For the singles out there: the best romance reads for Valentine’s Day

It’s that time of the year — the season when Cupid flies his arrows, heartshaped boxes stock the shelves and campus couples come out of their hiding (Seriously, why are there so many?). For all the single people out there, though, Valentine’s Day is either a painful experience or a holiday that passes right by us, for better or for worse. But it doesn’t have to be like that. We can still appreciate the essence of what it means to celebrate love, and we can do it curled up on our couches with a good romance book in our hands. 

Listen, while Goodreads and BookTok may be your go-to sources for recommendations, there are definitely some books on there that you’ll wish you’d never spent money on. Here’s this list, instead, to help you decide on a book that deserves its place on your shelf and fills that little hole in your heart. No weird alpha males. No toxicity. Happy endings only. 

Love and Other Words – Christina Lauren

To say we’re starting off strong is an understatement. Christina Lauren — the pen name for collaborators Christina Hobbs and Lauren Billings — are the queens of romance, and this is by far their best work yet. Combining second chance romance with childhood lovers, the book alternates between the past and present. It explores how main characters Macy Sorensen and Elliot Petropoulos grow from neighbors to friends to lovers and, ultimately, strangers, until a chance reunion years later changes everything. Lauren knows exactly how to tug on your heartstrings, and there’s no one you’ll fall in love with faster than Macy and Elliot. 

Book Lovers – Emily Henry

Speaking of authors who are carrying the romance novel industry on their shoulders, Emily Henry has been killing it since she released the instant bestseller “Beach Read.” She’s since written “People We Meet on Vacation” and, now, “Book Lovers,” which stars the uptight literary agent Nora Stephens. After years of crafting heroes in her clients’ manuscripts and neglecting her own happily-ever-after, Nora moves to a small town to change her luck, but keeps running into a brooding and curt editor who she can never manage to get along with. Surprise! It’s the classic enemies-to-lovers trope. Come on, you secretly love it.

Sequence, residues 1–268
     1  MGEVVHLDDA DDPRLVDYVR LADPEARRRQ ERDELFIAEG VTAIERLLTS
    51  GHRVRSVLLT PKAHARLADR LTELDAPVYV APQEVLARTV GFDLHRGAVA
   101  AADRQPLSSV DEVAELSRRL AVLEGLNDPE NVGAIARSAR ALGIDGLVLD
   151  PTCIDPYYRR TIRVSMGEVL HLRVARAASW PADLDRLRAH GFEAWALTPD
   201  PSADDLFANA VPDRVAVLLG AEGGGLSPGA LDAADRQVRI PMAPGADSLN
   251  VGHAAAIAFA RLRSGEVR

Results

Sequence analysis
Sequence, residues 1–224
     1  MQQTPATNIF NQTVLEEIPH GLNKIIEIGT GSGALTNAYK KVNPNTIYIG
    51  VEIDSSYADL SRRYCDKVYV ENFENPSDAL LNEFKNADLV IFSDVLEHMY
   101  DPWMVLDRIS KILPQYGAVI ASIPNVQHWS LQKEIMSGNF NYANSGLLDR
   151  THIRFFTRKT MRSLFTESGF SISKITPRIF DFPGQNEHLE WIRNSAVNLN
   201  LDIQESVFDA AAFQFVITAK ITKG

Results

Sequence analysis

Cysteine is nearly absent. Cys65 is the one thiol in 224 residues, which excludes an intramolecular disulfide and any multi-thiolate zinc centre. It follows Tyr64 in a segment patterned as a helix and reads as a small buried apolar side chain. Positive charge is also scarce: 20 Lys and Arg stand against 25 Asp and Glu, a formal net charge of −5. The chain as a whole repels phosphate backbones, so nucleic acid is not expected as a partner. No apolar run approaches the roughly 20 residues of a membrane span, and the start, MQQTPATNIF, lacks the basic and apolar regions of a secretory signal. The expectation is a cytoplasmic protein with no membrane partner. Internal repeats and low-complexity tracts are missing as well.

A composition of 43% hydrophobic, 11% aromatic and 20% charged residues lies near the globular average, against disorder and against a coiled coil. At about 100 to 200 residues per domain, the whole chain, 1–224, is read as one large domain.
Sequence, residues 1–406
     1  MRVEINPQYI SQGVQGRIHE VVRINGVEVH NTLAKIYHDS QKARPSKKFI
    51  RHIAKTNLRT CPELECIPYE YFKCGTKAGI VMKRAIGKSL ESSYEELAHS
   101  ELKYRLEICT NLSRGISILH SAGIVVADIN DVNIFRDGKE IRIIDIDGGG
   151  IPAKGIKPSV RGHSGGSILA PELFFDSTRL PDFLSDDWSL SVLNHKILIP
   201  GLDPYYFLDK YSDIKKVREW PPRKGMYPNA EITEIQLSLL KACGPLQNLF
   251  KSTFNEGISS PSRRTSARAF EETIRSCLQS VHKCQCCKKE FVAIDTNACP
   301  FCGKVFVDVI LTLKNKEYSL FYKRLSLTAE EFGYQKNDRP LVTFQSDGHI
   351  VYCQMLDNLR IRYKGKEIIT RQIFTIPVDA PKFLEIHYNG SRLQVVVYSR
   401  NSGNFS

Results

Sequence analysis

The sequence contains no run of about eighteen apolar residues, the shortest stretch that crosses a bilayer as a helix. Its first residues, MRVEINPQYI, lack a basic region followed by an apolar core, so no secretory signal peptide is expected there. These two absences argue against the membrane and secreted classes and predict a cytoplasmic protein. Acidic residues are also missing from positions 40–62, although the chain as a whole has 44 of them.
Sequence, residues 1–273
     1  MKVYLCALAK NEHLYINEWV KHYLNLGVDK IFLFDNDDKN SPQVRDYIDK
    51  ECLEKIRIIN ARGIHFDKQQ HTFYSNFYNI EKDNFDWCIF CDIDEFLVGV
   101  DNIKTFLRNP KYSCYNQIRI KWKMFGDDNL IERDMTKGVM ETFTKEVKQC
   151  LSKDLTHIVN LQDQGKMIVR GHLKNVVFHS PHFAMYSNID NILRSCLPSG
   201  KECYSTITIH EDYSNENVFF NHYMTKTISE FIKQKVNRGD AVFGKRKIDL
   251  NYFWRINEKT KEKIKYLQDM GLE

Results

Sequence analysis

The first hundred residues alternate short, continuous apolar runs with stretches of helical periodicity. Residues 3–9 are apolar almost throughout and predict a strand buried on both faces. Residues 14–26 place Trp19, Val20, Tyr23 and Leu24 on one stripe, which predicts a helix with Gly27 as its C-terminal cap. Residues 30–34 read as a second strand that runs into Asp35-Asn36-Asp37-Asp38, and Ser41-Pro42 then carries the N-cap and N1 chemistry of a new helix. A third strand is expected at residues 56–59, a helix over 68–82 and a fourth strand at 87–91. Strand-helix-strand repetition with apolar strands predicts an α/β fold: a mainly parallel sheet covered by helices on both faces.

Red, White & Royal Blue – Casey McQuiston

This one’s been the talk of the town since it came out in 2019, but, in case you haven’t read it, this is your (slightly unfriendly) reminder to. In this gripping and swoon-worthy queer romance, the United States’ First Son, Alex, is forced to fake a friendship with his nemesis, Prince Henry, for PR’s sake, but their relationship evolves into a messy romance and a secret relationship they must learn to navigate under the limelight. Is a plot centered around royalty slightly pretentious? Yes. But will Alex and Henry’s sizzling chemistry and witty banter make you have to stop mid-sentence so you can scream into your pillow? Absolutely.

Loathe to Love You – Ali Hazelwood

For all the STEM majors out there, this one’s for you. Also, if you thought that there wouldn’t be any more enemies-to-lovers books here, you were sorely mistaken, because Hazelwood gives us not one, but three of them. The book is a collection of the novellas “Under One Roof,” “Stuck with You” and “Below Zero,” which are all told from the perspectives of women climbing the corporate ladder. If you’ve read Hazelwood’s “The Love Hypothesis” and “Love on the Brain,” you’re more than aware that Hazelwood knows how to write the perfect slow-burn. If you’re not familiar with her, you’re in for a ride.

Aristotle and Dante Discover the Secrets of the Universe – Benjamin Alire Sáenz

The moving coming-of-age novel is a little bit of a departure from the easy-read romance, but more than worth the read. In the moving Stonewall Awards winner, reserved and introverted Ari’s life is flipped on its head when he meets the outspoken, easy-to-love Dante. Over the course of several years, they develop a special friendship that forces Ari to either confront himself and his sexuality or run away from the potential to love. The way Sáenz explores identity and coming into your own in the face of adulthood is breathtaking and shows us that love must be found within ourselves before it’s found with another. 

The Soulmate Equation – Christina Lauren

Since we started with Christina Lauren, it only feels right to end with one of her newer books. “The Soulmate Equation” is one of the more unique plots seen in romance and a complete breath of fresh air. Lauren’s lighthearted yet soulful writing sucks you in immediately to the world of protagonist, Jess Davis, who believes in numbers more than the probability of finding love. Everything changes when she decides to give dating one last shot through GeneticAlly — the new-and-in DNA-based matchmaking app and the only thing she trusts to help her find her soulmate. Little does she know, she’s about to have a near impossible compatibility of 98% with the man she hates most … and the founder of GeneticAlly. With twists and turns, you can rely on Lauren to deliver a steaming one-sitter that’s near-impossible to put down.